When it’s over, I want to say: all my life
I was a bride married to amazement.
I was a bridegroom, taking the world into my arms.
When it’s over, I don’t want to wonder
if I have made of my life something particular, and real.
I don’t want to find myself sighing and frightened
or full of argument.
I don’t want to end up simply having visited this world.
– Mary Oliver (“When Death Comes”)
oh pray that what we want
is worth this running,
pray that what we’re running
is what we want.
– Lucille Clifton (“we are running”)
Tell me, what is it you plan to do
with your one wild and precious life?
– Mary Oliver (“The Summer Day”)
Over the last few months, several people from my past have taken their leave of this world. Most of them were people I was no longer close to or even in touch with, yet we had a history together – some even as far back as early childhood. Some were former students or colleagues. Several were younger than me. For the most part, I don’t know the circumstances around their departures. It was just their time to go. However, their passing has caused me to reflect more deeply than usual on why I’m here and take stock of where I am in my journey.
From the outside looking in, life seemed to be a struggle for some of these people, while for others, it seemed to be a celebration. Remembering them, I’ve been pondering my own relationship to life. Bottom line, how am I showing up to life, and how does that feel?
Each of the quotes above speaks to me in a powerful way. Much of my life has been driven by the desire to do more than simply visit this world. Something huge inside of me won’t let me sit on the sidelines and watch. I can’t be a spectator of life. I live with a deep and unquenchable thirst to make a difference in the world in some way – to engage with ideas bigger than me – to live into my greatest potential as someone who believes he has a gift to share. My ongoing fear has always been whether or not what I offer is good enough; my ongoing challenge has been to let go of how others might judge my attempts. Perhaps you can relate.
When I first read Lucille Clifton’s words, they took my breath away. I, too, can lose myself in running after what I think I’m supposed to be doing. Over the last year, I have found a deeper peace with the calling I follow. Yet even as the peace gets deeper, the wolf’s growl sometimes gets even louder. We have frequent conversations, mostly at 4:00 am. They go in cycles – it will be quiet for a while, and then our early morning encounters resume.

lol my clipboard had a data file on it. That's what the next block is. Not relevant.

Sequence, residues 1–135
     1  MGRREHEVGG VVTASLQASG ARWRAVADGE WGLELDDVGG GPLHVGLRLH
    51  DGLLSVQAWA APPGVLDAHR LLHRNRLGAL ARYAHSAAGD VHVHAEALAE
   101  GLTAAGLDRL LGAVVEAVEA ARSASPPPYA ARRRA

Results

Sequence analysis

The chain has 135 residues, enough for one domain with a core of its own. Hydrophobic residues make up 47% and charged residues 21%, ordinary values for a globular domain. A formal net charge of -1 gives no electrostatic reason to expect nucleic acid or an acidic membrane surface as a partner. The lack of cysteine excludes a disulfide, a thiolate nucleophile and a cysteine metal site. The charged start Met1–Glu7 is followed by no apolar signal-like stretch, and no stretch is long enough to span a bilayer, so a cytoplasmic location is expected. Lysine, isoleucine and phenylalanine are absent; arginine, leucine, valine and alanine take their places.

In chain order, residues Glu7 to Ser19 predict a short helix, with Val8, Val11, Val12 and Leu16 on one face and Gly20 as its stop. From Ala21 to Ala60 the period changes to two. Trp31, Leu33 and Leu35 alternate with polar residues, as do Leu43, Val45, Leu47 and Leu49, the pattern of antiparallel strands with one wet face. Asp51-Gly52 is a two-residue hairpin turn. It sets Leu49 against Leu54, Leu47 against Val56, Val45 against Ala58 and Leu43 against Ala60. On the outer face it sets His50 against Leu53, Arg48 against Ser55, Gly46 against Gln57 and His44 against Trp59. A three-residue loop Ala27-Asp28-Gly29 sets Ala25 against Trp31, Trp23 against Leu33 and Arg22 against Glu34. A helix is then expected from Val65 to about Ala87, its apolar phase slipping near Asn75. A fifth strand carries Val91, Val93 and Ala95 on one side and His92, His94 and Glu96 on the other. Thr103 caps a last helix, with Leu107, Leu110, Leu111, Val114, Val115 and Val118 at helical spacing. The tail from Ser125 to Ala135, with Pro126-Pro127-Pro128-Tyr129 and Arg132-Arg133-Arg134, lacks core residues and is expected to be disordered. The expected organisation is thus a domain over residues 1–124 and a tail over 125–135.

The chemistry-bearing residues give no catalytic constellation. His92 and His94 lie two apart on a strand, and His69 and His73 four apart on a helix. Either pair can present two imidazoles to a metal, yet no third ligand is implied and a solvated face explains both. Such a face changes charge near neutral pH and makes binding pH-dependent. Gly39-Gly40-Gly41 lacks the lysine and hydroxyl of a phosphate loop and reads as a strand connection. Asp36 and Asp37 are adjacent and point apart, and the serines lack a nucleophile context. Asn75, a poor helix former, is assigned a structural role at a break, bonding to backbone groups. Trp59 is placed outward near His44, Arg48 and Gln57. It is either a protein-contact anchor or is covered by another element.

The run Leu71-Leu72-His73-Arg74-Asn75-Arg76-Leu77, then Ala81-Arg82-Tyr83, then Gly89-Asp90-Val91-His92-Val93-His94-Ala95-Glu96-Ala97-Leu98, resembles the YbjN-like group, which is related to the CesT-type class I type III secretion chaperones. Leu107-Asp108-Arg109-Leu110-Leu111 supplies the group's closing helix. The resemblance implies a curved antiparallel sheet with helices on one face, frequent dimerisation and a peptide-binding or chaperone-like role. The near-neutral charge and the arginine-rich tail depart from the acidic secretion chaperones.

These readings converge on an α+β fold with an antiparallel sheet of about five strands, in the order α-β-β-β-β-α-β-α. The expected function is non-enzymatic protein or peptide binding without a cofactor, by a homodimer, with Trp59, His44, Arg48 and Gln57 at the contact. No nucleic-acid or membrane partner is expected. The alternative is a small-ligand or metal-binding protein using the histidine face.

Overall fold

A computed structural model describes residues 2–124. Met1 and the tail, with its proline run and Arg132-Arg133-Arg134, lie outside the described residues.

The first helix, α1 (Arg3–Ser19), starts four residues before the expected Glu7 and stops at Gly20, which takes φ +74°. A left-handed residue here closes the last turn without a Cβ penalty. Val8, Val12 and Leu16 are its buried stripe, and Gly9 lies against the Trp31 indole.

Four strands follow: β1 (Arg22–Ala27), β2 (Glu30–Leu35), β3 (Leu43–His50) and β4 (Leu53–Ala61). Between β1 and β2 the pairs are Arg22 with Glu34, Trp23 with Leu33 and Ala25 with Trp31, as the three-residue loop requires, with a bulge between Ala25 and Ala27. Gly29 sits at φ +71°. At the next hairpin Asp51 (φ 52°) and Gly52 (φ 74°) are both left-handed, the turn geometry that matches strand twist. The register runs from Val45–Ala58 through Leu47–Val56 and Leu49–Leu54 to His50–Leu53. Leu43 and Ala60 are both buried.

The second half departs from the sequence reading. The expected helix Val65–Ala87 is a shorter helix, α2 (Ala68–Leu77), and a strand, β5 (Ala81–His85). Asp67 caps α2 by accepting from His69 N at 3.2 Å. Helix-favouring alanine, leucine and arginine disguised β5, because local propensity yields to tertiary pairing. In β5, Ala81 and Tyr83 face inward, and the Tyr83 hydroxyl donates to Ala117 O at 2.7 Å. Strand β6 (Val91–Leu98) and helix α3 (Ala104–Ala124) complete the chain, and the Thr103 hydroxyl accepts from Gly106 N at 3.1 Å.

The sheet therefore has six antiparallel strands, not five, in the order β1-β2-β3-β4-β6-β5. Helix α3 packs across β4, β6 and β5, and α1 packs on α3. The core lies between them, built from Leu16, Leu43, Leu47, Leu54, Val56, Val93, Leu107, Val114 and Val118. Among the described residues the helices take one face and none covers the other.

Yet with each new cycle, we are finding a deeper respect for one another. I’m accepting that ours is probably a life-long relationship, and he is accepting that maybe I am doing the best I can. I’ve stopped wondering when the wolf will leave me alone, and now accept that he will probably travel beside me for the rest of my days. My friend Able says that all we can do is be the love that we are. It’s become my mantra, especially before walking onto the stage or stepping in front of a new group. I’ve spent a lifetime preparing for where I am now. I’m ready. I’m learning to trust that if I will just “be the love that I am,” the rest will take care of itself.
I’ve also slowed down – a funny thing to say as my work continues to expand and my calendar is more full than ever. Yet I’m not running any more. I’ve learned to be curious and compassionate, both with the wolf and with me. Our relationship is getting easier. We mostly walk now instead of run.
I appreciate the idea of a “wild and precious life” more with each passing day. I don’t know that “wild” is a word that anyone would use to describe my life! I’m not exactly the dare-devil type or one who “throws all caution to the wind.” However, I’ve made choices along the way that some have thought risky. I’ve followed the callings of my soul, even when it meant leaving secure career paths or ending relationships that, in truth, were taking us both down. I’ve chosen a path where I am seen by many, and that can make me feel very vulnerable at times. As I look back over my life, I’ve done a few things, particularly in my younger years, that I’m not particularly proud of. Yet there are many more things that I am proud of and celebrate. I’m not a man of regrets. Each experience brings its own gift. What matters is to recognize the gift and learn from it. I continue to learn how to be in relationship with life.
Without doubt, I recognize more every day that life is precious. What makes it precious are the relationships we share with others. Life happens in the relationship space. Connection, meaning, purpose, and fulfillment all happen in relationship to others. The most valuable gift we can give is to meet one another in our authentic fullness, our integrity, and in our love. And in the end, all we can take with us as we cross back to the other side is the memory of who we have been and the kinds of relationships we fostered.
Our lives may be long or short or somewhere in between. We can’t know how long we have here. The gift of that “not knowing” is the reminder that all we can do is make each day count toward a life worth living. That looks different for each of us. How about for you? When it’s all over, what will have made life worth living for you?
P.S. If you want to further explore how you “show up” to life and how to make the most of each moment, a next step might be my little book, The Power of Your Presence. It’s a meditation in a book. It just takes about 20 minutes and is a great centering exercise to use while waiting for an appointment, sitting on the train, or for daily meditation and reflection. An audio version is also available as an mp3 download.
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